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Article: Competitive traits of coral symbionts may alter the structure and function of the microbiome

TitleCompetitive traits of coral symbionts may alter the structure and function of the microbiome
Authors
Issue Date2020
PublisherNature Publishing Group. The Journal's web site is located at http://www.nature.com/ismej/index.html
Citation
The ISME Journal, 2020, v. 14 n. 10, p. 2424-2432 How to Cite?
AbstractIn the face of global warming and unprecedented coral bleaching, a new avenue of research is focused on relatively rare algal symbionts and their ability to confer thermal tolerance to their host by association. Yet, thermal tolerance is just one of many physiological attributes inherent to the diversity of symbiodinians, a result of millions of years of competition and niche partitioning. Here, we revealed that competition among cocultured symbiodinians alters nutrient assimilation and compound production with species-specific responses. For Cladocopium goreaui, a species ubiquitous within stable coral associations, temperature stress increased sensitivity to competition eliciting a shift toward investment in cell replication, i.e., putative niche exploitation. Meanwhile, competition led Durusdinium trenchii, a thermally tolerant “background” symbiodinian, to divert resources from immediate growth to storage. As such, competition may be driving the dominance of C. goreaui outside of temperature stress, the destabilization of symbioses under thermal stress, the repopulation of coral tissues by D. trenchii following bleaching, and ultimately undermine the efficacy of symbiont turnover as an adaptive mechanism.
Persistent Identifierhttp://hdl.handle.net/10722/288311
ISSN
2020 Impact Factor: 10.302
2020 SCImago Journal Rankings: 4.422
PubMed Central ID
ISI Accession Number ID

 

DC FieldValueLanguage
dc.contributor.authorMcIlroy, SE-
dc.contributor.authorWong, JCY-
dc.contributor.authorBaker, DM-
dc.date.accessioned2020-10-05T12:10:59Z-
dc.date.available2020-10-05T12:10:59Z-
dc.date.issued2020-
dc.identifier.citationThe ISME Journal, 2020, v. 14 n. 10, p. 2424-2432-
dc.identifier.issn1751-7362-
dc.identifier.urihttp://hdl.handle.net/10722/288311-
dc.description.abstractIn the face of global warming and unprecedented coral bleaching, a new avenue of research is focused on relatively rare algal symbionts and their ability to confer thermal tolerance to their host by association. Yet, thermal tolerance is just one of many physiological attributes inherent to the diversity of symbiodinians, a result of millions of years of competition and niche partitioning. Here, we revealed that competition among cocultured symbiodinians alters nutrient assimilation and compound production with species-specific responses. For Cladocopium goreaui, a species ubiquitous within stable coral associations, temperature stress increased sensitivity to competition eliciting a shift toward investment in cell replication, i.e., putative niche exploitation. Meanwhile, competition led Durusdinium trenchii, a thermally tolerant “background” symbiodinian, to divert resources from immediate growth to storage. As such, competition may be driving the dominance of C. goreaui outside of temperature stress, the destabilization of symbioses under thermal stress, the repopulation of coral tissues by D. trenchii following bleaching, and ultimately undermine the efficacy of symbiont turnover as an adaptive mechanism.-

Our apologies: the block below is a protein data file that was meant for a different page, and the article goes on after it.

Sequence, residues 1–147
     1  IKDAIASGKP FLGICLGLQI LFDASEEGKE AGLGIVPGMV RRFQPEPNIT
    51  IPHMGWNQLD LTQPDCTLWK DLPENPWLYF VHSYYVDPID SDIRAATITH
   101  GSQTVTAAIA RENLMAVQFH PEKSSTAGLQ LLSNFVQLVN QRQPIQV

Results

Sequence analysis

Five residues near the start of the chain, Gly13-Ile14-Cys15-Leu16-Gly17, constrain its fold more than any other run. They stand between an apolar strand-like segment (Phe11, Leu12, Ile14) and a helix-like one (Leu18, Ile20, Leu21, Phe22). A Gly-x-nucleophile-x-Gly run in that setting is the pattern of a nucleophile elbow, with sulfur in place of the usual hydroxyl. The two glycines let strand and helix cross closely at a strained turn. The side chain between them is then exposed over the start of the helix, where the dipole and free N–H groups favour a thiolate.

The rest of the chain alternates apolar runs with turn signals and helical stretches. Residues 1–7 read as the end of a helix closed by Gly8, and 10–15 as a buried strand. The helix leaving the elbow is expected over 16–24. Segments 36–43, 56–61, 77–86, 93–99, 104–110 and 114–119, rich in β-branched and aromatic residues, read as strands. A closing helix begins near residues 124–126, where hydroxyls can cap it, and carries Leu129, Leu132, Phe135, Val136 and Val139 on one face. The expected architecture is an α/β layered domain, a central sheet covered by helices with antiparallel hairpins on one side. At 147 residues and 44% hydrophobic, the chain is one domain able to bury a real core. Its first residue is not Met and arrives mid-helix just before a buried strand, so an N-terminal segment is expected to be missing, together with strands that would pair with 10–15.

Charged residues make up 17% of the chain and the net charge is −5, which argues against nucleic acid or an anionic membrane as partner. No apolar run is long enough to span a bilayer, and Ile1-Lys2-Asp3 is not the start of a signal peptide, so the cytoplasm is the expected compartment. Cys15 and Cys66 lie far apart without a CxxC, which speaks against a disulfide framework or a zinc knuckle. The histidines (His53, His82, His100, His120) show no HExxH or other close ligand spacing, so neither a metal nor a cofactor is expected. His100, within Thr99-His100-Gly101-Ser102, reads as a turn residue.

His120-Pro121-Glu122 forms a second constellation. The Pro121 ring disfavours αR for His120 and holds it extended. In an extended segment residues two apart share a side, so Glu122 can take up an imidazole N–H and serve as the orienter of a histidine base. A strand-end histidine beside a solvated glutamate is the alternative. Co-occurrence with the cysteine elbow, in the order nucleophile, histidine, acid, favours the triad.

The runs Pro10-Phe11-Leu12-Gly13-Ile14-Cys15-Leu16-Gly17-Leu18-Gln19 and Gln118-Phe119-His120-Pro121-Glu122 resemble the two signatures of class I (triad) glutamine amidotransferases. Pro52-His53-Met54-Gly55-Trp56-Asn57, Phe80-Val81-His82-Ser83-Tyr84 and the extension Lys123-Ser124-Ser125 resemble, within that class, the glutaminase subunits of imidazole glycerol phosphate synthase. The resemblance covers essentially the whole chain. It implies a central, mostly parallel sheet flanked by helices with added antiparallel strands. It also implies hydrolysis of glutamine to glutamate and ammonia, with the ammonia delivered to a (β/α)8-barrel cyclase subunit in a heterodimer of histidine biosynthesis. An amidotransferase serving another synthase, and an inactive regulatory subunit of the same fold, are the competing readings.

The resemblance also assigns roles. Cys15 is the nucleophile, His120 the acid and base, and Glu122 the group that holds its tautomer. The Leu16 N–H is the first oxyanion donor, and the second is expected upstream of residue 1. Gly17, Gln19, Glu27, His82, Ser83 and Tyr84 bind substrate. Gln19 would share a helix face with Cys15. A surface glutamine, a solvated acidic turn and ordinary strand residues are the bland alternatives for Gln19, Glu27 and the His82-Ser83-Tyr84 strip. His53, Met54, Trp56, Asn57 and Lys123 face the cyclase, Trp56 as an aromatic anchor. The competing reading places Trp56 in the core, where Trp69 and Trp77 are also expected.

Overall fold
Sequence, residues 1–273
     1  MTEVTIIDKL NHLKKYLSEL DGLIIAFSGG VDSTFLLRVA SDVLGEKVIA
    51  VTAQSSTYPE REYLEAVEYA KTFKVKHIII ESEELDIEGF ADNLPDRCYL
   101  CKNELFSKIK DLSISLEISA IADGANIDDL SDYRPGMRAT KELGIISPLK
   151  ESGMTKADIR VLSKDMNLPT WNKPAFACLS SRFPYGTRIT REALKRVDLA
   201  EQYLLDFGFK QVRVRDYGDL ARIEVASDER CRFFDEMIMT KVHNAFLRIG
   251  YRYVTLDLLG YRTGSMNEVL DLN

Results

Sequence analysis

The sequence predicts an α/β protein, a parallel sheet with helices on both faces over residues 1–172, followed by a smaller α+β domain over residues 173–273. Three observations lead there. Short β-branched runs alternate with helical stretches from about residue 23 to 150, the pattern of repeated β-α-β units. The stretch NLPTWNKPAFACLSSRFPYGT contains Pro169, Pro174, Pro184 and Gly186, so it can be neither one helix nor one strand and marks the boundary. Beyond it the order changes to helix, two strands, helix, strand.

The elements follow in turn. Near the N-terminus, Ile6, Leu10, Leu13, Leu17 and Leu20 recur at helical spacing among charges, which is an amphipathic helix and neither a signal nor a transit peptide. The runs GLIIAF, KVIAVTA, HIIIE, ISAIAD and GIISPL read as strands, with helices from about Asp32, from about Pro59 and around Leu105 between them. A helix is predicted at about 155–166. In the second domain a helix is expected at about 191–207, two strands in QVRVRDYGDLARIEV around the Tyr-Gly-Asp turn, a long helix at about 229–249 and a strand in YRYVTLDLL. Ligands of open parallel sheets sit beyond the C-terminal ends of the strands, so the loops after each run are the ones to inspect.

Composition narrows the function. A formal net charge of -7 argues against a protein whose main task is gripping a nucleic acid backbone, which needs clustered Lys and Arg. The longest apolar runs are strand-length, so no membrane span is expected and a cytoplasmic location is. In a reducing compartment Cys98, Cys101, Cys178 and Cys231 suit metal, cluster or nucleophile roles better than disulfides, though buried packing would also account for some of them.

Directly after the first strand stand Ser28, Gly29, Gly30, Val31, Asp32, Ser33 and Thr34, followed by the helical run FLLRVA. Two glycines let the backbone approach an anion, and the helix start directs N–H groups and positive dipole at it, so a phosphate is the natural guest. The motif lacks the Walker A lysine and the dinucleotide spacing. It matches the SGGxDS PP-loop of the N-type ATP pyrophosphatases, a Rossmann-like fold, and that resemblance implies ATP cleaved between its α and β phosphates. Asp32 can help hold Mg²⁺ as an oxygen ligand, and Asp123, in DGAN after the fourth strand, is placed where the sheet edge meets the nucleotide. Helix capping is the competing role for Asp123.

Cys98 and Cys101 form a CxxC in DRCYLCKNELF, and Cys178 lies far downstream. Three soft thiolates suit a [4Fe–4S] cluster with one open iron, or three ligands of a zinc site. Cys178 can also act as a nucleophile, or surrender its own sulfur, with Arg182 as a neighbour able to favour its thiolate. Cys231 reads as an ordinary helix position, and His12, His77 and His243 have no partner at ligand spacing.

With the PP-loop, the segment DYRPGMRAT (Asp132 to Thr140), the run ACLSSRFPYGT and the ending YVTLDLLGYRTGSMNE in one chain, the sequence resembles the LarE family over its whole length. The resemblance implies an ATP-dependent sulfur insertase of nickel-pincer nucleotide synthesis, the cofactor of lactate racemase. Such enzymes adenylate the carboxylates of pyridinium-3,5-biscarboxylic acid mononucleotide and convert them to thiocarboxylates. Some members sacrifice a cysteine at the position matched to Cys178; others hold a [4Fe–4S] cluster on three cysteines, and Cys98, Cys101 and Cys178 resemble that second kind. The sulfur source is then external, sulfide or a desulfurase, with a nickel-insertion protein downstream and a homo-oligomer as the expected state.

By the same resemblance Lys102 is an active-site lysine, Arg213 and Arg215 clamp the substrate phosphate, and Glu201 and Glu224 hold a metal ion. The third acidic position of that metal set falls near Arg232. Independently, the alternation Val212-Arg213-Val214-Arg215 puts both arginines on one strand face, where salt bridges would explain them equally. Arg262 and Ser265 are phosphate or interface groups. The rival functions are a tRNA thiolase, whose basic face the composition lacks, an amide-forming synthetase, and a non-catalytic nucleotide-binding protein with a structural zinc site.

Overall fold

dc.languageeng-
dc.publisherNature Publishing Group. The Journal's web site is located at http://www.nature.com/ismej/index.html-
dc.relation.ispartofThe ISME Journal-
dc.rightsThis work is licensed under a Creative Commons Attribution-NonCommercial-NoDerivatives 4.0 International License.-
dc.titleCompetitive traits of coral symbionts may alter the structure and function of the microbiome-
dc.typeArticle-
dc.identifier.emailMcIlroy, SE: smcilroy@hku.hk-
dc.identifier.emailBaker, DM: dmbaker@hku.hk-
dc.identifier.authorityMcIlroy, SE=rp02729-
dc.identifier.authorityBaker, DM=rp01712-
dc.description.naturepublished_or_final_version-
dc.identifier.doi10.1038/s41396-020-0697-0-
dc.identifier.pmid32518247-
dc.identifier.pmcidPMC7490369-
dc.identifier.scopuseid_2-s2.0-85086173008-
dc.identifier.hkuros315206-
dc.identifier.volume14-
dc.identifier.issue10-
dc.identifier.spage2424-
dc.identifier.epage2432-
dc.identifier.isiWOS:000539168100002-
dc.publisher.placeUnited Kingdom-
dc.identifier.issnl1751-7362-

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